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Predicting virological decay in patients starting combination antiretroviral therapy.

- AIDS (2016)

Bottom Line: Eligible patients were antiretroviral naive and started cART after 1997.Viral load measurements can be used to predict if a patient will be suppressed by 6-month post-cART.Graphical presentations of this information could help clinicians decide the optimum time to switch treatment regimen during the first months of cART.

View Article: PubMed Central - PubMed

ABSTRACT

Objective: Model trajectories of viral load measurements from time of starting combination antiretroviral therapy (cART), and use the model to predict whether patients will achieve suppressed viral load (≤200 copies/ml) within 6-months of starting cART.

Design: Prospective cohort study including HIV-positive adults (UK Collaborative HIV Cohort Study).

Methods: Eligible patients were antiretroviral naive and started cART after 1997. Random effects models were used to estimate viral load trends. Patients were randomly selected to form a validation dataset with those remaining used to fit the model. We evaluated predictions of suppression using indices of diagnostic test performance.

Results: Of 9562 eligible patients 6435 were used to fit the model and 3127 for validation. Mean log10 viral load trajectories declined rapidly during the first 2 weeks post-cART, moderately between 2 weeks and 3 months, and more slowly thereafter. Higher pretreatment viral load predicted steeper declines, whereas older age, white ethnicity, and boosted protease inhibitor/non-nucleoside reverse transcriptase inhibitors based cART-regimen predicted a steeper decline from 3 months onwards. Specificity of predictions and the diagnostic odds ratio substantially improved when predictions were based on viral load measurements up to the 4-month visit compared with the 2 or 3-month visits. Diagnostic performance improved when suppression was defined by two consecutive suppressed viral loads compared with one.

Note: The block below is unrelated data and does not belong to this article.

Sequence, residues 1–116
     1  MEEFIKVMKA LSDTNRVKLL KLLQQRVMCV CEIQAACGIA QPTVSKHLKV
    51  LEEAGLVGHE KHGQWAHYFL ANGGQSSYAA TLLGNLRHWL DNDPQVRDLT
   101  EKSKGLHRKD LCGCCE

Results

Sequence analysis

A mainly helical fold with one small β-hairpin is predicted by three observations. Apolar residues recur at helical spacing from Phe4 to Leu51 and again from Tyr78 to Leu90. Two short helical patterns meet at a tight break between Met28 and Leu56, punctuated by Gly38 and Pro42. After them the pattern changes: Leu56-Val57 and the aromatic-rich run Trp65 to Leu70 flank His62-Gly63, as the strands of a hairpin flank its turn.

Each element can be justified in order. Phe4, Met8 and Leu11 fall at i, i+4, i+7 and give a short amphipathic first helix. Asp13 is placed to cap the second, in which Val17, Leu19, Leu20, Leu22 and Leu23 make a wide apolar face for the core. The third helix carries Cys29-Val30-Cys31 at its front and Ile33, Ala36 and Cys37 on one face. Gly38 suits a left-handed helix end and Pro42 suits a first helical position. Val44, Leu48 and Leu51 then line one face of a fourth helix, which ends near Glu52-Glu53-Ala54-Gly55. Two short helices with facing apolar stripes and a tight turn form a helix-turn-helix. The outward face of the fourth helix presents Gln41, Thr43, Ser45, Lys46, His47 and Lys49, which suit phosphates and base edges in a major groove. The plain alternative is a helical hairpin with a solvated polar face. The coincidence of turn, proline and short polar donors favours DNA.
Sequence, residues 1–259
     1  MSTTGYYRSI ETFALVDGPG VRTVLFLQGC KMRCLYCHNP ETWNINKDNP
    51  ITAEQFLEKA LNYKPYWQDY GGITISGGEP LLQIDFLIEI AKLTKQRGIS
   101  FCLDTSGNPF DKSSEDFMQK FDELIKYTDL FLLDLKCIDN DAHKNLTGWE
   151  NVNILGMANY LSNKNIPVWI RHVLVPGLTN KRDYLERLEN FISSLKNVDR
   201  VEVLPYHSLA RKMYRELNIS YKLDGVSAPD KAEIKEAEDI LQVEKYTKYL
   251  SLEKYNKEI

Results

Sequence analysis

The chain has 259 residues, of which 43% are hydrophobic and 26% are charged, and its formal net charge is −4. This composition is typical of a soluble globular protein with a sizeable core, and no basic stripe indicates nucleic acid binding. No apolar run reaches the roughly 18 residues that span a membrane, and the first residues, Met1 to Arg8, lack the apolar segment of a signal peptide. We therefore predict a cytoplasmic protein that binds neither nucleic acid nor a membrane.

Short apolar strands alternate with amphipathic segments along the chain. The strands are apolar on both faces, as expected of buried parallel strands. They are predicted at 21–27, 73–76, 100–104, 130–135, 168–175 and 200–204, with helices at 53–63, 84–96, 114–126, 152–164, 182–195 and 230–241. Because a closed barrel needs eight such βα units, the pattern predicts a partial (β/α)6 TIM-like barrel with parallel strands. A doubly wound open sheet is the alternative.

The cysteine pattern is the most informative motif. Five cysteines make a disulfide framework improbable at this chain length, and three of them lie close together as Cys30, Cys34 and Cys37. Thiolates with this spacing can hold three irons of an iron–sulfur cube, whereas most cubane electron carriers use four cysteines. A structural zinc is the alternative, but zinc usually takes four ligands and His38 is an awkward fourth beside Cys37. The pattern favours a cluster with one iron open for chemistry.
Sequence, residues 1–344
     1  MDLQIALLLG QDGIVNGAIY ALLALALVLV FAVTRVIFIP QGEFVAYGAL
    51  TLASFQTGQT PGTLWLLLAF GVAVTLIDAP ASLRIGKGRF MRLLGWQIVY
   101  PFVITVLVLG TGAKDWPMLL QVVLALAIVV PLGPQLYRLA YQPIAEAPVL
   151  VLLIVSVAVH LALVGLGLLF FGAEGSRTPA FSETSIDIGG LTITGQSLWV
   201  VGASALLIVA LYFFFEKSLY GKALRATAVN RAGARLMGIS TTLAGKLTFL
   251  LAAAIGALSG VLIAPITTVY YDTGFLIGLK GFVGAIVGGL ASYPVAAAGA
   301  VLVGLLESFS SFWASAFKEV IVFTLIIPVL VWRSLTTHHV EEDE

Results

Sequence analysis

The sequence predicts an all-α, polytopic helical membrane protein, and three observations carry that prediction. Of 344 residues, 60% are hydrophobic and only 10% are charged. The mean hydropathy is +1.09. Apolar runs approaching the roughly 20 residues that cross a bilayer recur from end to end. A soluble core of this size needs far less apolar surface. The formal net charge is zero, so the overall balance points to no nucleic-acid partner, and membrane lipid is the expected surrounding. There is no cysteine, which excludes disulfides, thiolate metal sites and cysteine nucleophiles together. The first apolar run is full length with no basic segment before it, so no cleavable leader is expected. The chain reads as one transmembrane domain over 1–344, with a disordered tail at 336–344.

Conclusions: Viral load measurements can be used to predict if a patient will be suppressed by 6-month post-cART. Graphical presentations of this information could help clinicians decide the optimum time to switch treatment regimen during the first months of cART.

No MeSH data available.


Related in: MedlinePlus

Prediction graphs of four selected patients based on observations measured before 3-month visit (left-hand column) and on observations measured after 3-month visit (right-hand column).
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Figure 3: Prediction graphs of four selected patients based on observations measured before 3-month visit (left-hand column) and on observations measured after 3-month visit (right-hand column).

Mentions: Figure 3 compares observed with predicted future viral load measurements before and after the 3-month visit, for patients who were selected to illustrate a range of viral load patterns and predictions. The shaded areas denote 95% prediction intervals for each patient. Because patients had a small number of observed measurements the prediction intervals were wide.